Monday, April 3, 2017

Wild Food Spotlight 7: Spring Greens

This is the seventh (and final) in a series of foraging-related articles I'm writing for our local bulletin. Re-posted from the Artisan Office Bulletin.
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western bitter cress
Spring is here! The ice has broken up the soil and the rain is soaking it, and now it's a rich nursery for fresh spring greens.Wild greens are one of the easiest foods to forage during this time of year, and it's possible to create quite a variety of wild salads from around our community.

Where to harvest: Wild greens, growing mostly in clearings and along roads and trails as they like to do, are very susceptible to contamination from boots and our local bounty of dog poop. I like to harvest from areas that are either remote (like bluffs, deep forest clearings, etc.) or from yards that are relatively clean. Vertical surfaces like rocks and moss-covered logs are also a little safer. Just inspect the area you're harvesting from and be cautious.

How to harvest: We are now a culture of excess. But the wilderness doesn't work that way. Harvesting wild greens should be a frugal endeavour: just take enough to satisfy your need, and make sure you leave plenty to grow. In fact, if you try to leave enough of the youngest leaves on any single plant, that plant will hopefully continue to produce for you.

field mustard (rape seed)
What to harvest: The best way to become familiar with wild greens is to spend a lot of time exploring wild areas. Go out at least once a week and try to identify things. A good guide book that focuses on our specific area can be very helpful, as well. And when you're feeling comfortable, start eating! These are some of the easier local wild greens to spot and identify:

Mustards are very common here - especially Western Bitter Cress and Penny Cress. These begin as a radial of delicate-looking leaves, and eventually send up a stalk of flowers which, as they finish blooming, become conspicuous seed pods along the stalk. I used to think that the seeds would be wonderful, being in the mustard family, but alas they have nearly no flavour at all. The leaves, however, and to some extent the flowers, are delicious. I like them best in salads or chopped up with cream cheese and cucumber in sandwiches.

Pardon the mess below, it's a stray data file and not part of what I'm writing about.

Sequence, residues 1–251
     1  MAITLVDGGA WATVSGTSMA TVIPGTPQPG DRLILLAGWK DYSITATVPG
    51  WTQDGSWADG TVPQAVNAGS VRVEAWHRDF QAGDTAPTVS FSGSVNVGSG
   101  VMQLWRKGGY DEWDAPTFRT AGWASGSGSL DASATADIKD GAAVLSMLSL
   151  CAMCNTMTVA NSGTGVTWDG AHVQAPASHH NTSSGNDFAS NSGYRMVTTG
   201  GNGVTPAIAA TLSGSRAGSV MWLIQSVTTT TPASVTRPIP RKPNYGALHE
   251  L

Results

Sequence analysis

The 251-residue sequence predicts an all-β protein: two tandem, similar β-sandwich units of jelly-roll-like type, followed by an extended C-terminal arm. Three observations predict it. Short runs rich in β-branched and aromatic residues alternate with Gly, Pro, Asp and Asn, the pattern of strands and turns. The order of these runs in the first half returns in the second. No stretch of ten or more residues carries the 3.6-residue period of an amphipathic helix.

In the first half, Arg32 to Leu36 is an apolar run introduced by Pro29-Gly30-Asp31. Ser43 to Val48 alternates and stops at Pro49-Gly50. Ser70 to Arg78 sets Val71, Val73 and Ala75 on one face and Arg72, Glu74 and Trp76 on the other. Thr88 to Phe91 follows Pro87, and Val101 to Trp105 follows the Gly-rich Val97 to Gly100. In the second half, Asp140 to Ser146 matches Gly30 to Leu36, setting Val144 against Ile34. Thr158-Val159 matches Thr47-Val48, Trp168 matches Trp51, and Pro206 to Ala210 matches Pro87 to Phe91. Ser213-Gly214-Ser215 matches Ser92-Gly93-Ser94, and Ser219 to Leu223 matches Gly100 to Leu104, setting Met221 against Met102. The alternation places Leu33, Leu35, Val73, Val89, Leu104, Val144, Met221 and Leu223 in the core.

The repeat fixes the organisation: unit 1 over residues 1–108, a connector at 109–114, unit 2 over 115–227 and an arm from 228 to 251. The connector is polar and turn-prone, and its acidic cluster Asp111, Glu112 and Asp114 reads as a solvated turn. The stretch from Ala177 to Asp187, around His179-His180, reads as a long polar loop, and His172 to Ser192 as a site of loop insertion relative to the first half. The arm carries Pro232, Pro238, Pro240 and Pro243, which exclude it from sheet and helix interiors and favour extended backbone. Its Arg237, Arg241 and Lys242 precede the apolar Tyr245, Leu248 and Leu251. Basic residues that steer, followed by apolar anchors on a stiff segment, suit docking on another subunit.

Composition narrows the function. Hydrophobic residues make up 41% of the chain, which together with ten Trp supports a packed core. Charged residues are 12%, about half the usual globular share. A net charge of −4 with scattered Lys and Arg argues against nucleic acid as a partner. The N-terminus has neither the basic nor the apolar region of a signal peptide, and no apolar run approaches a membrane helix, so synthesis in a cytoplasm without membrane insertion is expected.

Next you should try Siberian Miner's Lettuce. Yum! Being a purslane, its stems and leaves are fleshy and juicy, and really very satisfying as a salad. The pink and white flowers are also edible, so it's easy to snip quite a bit in a hurry.

siberian miner's lettuce
Another delicious treat is sheep sorrel, which grows all over, especially in pastures, open bluffs, and ditches. It's sour and slightly fleshy, like the larger garden sorrels we grow, but being so much smaller you'll have to gather more of it to build your salad.

Blossoms: flowering currant, salmonberry blossoms, oregon grape blossoms, and dandelions are wonderful salad additions. In the case of salmonberries, pinch only a couple of petals from each blossom, to ensure that the pollinators still find it so you can have berries, later. Dandelions are not only wonderful in salad, but also make a great addition to baked goods like scones, biscuits, and bread. Just pick a basketful of dandelion blossoms, then pull out the petals and fill a clean bowl. Then mix them into the flour for your recipe. Experiment with how many petals to use - it will likely be more than you expect!

I began this foraging series last year at the end of maple blossom season, so I think it's just great to end the series with another maple food: Cotyledons!

oregon grape blossoms
Cotyledons are the pair of embryonic leaves that first appear out of a seed. Think of bean sprouts. Those are cotyledons, too. The second set of leaves to appear on a bean seedling are much tougher and differently-shaped than those first little round leaves, and not something you'd generally eat. But the sprouts are tender and delicious. And the same goes for maple sprouts!

These are some of the earliest and most bountiful spring greens we have here. Just head out in the early spring and look under or near maple trees. You'll likely find hundreds or thousands of them speckling the forest floor. Snip them off near the ground, collect them up and enjoy them fresh as a salad or tossed into a stir-fry.

sheep sorrel
This will be my last bulletin article for now. I've enjoyed sharing some of the island's natural treasures with my community, and will continue to do so in the workshops I lead through Thank you, Margaret, for the opportunity, and I hope we'll all find time to enjoy our wilderness.

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